On National Workplace Wellbeing Day (28 April), Charity Workers Face Increasing Pressures and Inadequate Pay

Posted on
28 Apr 2023
by Ivan Cooper - Director of Public Policy

Ibec's National Workplace Wellbeing Day (28 April) highlights the importance of people’s health and welfare at work, but for many charity employees, a lack of adequate pay and conditions means ongoing burnout and high levels of stress that cannot be addressed at an individual level.

Charity workers in Ireland are the unsung heroes of our society, dedicating their time and energy to causes that often go unnoticed. But behind the scenes, these employees face significant challenges in maintaining their wellbeing in the workplace. Structural issues such as lower pay, relative lack of job security, rarity of benefits, and the challenging nature of work make it extremely difficult to meaningfully improve employee wellbeing without adequate support from the state and other funders.

In an age where we are constantly reminded of the importance of mental health and self-care, there is an irony in the fact that that those who willingly choose to serve others often find themselves in a position where their own wellbeing is put at risk. The recent Job Burnout Report from Irish firm HRLocker identifies charity workers as the most likely group of employees to suffer burnout, and according to a recent poll by The Wheel (Ireland’s national association of charities), 92% of workers know someone in the sector experiencing it. The challenges faced by charity employees in Ireland are multifaceted, stemming from the very nature of their work and the societal structures that surround it.

Firstly, the issue of lower pay cannot be ignored. While the altruistic nature of charity work is commendable, it doesn't pay the bills or put food on the table. Many charity employees find themselves on the lower end of the pay scale, often making significant financial sacrifices to work in a sector they are passionate about. A survey of our own members, which examines concerns and priorities for charities and community organisations each year, found that about half of these organisations aren’t able to hire or retain enough staff, mainly because they can’t offer attractive salaries. For those who do choose to work in the sector, financial strain can lead to a constant feeling of insecurity and contribute to poor mental health.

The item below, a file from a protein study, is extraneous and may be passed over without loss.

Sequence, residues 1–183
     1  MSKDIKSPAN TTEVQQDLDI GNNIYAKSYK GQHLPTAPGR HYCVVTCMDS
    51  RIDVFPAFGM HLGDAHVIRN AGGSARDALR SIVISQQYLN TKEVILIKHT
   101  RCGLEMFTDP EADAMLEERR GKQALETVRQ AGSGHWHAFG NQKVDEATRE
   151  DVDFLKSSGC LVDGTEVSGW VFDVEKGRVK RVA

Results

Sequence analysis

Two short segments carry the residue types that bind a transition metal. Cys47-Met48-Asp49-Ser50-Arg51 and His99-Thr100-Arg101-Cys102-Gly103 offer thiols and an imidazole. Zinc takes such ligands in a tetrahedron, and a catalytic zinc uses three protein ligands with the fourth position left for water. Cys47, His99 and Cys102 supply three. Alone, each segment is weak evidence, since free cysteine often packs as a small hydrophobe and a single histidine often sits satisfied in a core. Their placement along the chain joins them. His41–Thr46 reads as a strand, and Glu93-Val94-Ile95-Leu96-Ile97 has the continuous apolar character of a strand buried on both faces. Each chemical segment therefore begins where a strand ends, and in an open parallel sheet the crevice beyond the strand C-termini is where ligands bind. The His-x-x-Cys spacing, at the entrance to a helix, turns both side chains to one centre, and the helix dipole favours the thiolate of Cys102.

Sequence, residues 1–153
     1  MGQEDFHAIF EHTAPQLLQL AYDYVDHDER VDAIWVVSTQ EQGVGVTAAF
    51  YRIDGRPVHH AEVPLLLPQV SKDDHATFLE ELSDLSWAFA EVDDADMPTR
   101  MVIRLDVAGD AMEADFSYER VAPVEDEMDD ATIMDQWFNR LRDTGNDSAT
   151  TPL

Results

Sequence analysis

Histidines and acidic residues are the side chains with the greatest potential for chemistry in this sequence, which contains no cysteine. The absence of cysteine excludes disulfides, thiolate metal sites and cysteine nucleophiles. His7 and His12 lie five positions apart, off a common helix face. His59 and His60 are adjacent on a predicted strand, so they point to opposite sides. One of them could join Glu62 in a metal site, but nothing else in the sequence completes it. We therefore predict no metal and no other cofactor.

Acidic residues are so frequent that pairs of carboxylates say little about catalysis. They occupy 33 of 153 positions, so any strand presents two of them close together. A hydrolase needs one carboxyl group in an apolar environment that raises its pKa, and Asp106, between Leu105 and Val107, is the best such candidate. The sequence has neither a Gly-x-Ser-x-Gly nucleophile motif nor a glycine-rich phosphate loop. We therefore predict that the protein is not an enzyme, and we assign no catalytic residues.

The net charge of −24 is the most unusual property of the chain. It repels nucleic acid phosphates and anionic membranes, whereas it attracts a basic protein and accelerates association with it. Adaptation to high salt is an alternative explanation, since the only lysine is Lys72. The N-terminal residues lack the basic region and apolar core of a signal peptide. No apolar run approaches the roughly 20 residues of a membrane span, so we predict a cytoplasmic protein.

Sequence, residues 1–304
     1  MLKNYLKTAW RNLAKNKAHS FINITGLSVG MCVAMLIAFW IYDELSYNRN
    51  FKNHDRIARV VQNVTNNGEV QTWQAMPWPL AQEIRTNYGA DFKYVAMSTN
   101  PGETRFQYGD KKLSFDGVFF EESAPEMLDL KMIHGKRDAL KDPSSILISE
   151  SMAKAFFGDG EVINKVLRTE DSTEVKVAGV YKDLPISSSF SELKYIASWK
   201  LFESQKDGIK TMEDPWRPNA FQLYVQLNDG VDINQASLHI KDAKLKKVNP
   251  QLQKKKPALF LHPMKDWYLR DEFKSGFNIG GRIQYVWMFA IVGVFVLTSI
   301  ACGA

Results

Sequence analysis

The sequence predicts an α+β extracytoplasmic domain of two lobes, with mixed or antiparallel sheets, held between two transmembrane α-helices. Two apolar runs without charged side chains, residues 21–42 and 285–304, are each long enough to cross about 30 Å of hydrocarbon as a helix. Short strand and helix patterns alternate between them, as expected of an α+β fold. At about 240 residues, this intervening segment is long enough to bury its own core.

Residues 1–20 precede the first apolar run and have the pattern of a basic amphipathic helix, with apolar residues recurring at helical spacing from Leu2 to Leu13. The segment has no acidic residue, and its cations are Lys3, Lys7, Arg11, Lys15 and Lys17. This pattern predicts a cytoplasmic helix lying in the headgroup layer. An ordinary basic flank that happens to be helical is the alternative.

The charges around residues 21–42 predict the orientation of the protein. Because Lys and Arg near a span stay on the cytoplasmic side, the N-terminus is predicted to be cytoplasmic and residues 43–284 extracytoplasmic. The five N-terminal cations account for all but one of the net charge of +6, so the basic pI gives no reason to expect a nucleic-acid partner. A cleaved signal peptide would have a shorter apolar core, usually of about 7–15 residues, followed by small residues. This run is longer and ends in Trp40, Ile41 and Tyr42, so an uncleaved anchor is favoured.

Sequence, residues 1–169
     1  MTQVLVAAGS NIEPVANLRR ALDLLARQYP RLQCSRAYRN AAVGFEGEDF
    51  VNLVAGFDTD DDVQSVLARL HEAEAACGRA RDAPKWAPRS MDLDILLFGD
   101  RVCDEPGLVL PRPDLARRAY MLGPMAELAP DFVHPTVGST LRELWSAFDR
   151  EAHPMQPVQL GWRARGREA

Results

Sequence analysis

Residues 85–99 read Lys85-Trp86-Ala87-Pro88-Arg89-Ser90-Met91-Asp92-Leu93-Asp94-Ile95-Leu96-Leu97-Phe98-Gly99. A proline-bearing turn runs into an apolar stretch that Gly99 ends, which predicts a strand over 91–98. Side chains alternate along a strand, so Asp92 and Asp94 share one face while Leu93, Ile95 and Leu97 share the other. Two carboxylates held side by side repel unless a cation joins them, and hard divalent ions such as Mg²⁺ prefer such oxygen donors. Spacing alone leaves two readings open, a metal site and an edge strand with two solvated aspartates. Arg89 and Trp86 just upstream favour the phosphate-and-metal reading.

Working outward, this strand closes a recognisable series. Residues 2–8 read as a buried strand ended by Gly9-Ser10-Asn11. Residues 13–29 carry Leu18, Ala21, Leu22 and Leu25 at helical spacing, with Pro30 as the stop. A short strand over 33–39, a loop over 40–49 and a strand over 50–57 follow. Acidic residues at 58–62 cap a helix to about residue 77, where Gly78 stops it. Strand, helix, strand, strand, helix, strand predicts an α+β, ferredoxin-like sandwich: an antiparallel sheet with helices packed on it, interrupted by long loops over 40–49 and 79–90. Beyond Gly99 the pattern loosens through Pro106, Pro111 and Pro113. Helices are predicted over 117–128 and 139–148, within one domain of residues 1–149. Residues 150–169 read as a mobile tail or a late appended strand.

Job security, or lack thereof, is another challenge. With funding often precarious and frequently only granted for one year at a time, charity employees frequently face uncertainty about the longevity of their positions. This insecurity can compound the already challenging nature of their work, where they are often confronted with the harsh realities of the problems they seek to address — poverty, homelessness, drugs, and children’s welfare among many other issues.

Benefits, which may seem standard in other sectors, are often a rarity in the charity sector. Resources are stretched thin, and providing additional perks such as health insurance, pension plans, and wellbeing initiatives may be seen as luxuries rather than necessities. 81% of charities gave no bonuses to any of their workers in 2022, according to the National Guide to Pay and Benefits in Community, Voluntary and Charitable Organisations. In the face of such different workplace conditions to many other sectors, charity employees often find it challenging to maintain positivity, motivation, and wellbeing in the long term.

Lastly, the emotional toll of charity work cannot be underestimated. Employees are often exposed to the most vulnerable and marginalised members of society, witnessing firsthand the pain and suffering that exists within our communities. This emotional burden, if not managed carefully, can lead to burnout and compassion fatigue — indeed, the first academic reference to “burnout” in the 1960s described the work lives of exhausted staff at a centre treating young-adult offenders.

So, what can be done to address these challenges? The state and other funders should recognise the importance of supporting the wellbeing of charity employees in Ireland and provide for reasonable working conditions. Most urgently, cuts imposed on state funding during the recession should be restored and brought up to adequate levels that account for inflation. Adequate funding for charities can help to ensure that employees receive fair pay, job security, and access to essential benefits. Only then can mental health and wellbeing initiatives truly help employees manage the emotional aspects of their work — they cannot do the heavy lifting in the absence of basic security.

The time has come for Ireland to demonstrate that it values not only the work of our charity employees but also their wellbeing. By investing in their support, we can build a more sustainable and compassionate society, one where those who dedicate their lives to helping others are not left behind.